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Date posted: 29 January 2014
HealthInfoNet consultant and former Advisory Board member Associate Professor Ted Wilkes was recognised on January 26 for his dedication to fighting for a better quality of life for Aboriginal and Torres Strait Islander Australians. He called for a new national holiday that celebrates every Australian and revealed that he was initially considering turning down the invitation to be named an Officer of the Order of Australia because of the hurt the day has brought his people.
'But since then, I've sat down and cleared my head, and I'm very proud to accept the honour,' he said. 'I'm a proud Australian; I'm just a very, very proud Indigenous Australian. I thought that if I accept this and it gives me a foundation for others to join me (that can only help). I know I can't do this stuff on my own - I do need others and I do need non-Aboriginal Australians to assist me, and I thought well if I get this award, I can use it to fight from within in a sense.'
Associate Professor Wilkes, a Prime Ministerial appointment to the Australian National Council on Drugs, said he was honoured by the recognition, which he would accept on behalf of his eight children, grandchildren, great-grandchildren and other Indigenous Australians. But he said Australia must change the way it celebrates Australia Day.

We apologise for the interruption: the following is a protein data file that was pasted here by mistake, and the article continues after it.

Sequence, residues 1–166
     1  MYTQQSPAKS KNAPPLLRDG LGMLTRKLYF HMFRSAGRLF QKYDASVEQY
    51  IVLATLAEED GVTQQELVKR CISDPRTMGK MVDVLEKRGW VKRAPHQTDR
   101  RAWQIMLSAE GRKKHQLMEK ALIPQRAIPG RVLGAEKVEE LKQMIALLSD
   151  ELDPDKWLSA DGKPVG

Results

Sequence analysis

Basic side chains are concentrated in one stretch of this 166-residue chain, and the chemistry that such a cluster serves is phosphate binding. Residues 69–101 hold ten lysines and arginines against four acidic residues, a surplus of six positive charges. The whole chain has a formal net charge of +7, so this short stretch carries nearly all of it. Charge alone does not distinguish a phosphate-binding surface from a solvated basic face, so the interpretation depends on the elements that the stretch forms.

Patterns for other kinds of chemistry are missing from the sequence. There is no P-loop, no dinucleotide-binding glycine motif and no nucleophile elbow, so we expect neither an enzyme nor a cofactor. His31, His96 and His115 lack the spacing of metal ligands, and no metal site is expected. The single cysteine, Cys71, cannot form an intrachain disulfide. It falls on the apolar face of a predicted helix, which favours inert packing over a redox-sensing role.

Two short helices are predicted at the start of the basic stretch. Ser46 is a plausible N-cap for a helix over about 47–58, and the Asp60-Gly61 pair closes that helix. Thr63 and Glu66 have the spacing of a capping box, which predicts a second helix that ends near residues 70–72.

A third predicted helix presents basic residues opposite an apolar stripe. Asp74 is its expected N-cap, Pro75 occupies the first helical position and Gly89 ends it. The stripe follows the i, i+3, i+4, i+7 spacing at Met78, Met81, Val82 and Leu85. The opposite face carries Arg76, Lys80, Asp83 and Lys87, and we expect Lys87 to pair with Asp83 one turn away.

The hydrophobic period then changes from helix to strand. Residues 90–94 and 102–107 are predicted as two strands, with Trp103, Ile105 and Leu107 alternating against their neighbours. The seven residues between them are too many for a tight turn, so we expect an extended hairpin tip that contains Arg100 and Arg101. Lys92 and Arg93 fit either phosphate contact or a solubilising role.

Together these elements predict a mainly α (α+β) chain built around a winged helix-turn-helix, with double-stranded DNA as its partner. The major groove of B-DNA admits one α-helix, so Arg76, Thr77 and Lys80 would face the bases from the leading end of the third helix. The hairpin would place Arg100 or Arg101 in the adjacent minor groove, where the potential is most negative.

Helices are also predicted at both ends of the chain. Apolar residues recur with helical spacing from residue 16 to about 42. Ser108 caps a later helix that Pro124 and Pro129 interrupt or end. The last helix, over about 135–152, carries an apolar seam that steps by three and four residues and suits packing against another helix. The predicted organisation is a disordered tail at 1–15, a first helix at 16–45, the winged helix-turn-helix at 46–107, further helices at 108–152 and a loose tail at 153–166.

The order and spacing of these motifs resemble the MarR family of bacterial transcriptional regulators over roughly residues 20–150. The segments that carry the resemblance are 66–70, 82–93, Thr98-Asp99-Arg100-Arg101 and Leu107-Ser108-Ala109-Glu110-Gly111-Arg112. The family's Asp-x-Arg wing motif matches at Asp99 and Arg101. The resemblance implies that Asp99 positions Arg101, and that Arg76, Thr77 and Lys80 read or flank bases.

'I think one of the big hurdles we've got to overcome in this country is the indifference that we have towards each other and as we see other cultural groups coming into this country, we still note that there are reservations and a lack of compassion we're showing to one another,' he said. 'We need to develop our compassion for others who are different from us. If we can get that done, Australia will be a trendsetter in this world. That might then lend ourselves to allowing us to collapse the flag, and let's walk under the one banner. At the moment, Aboriginal people will be celebrating a Survival Day concert while other West Australians are sitting around on the river and celebrating Australia Day.
Ted Wilkes is one of 40 Australians to be awarded the honour - and just six West Australians, including geriatrics specialist Penny Flett, conservation biologist Andrew Burbidge, sustainability expert Peter Newman, public health advocate Mike Daube and the late Kieran McNamara, the former boss of WA's environment department.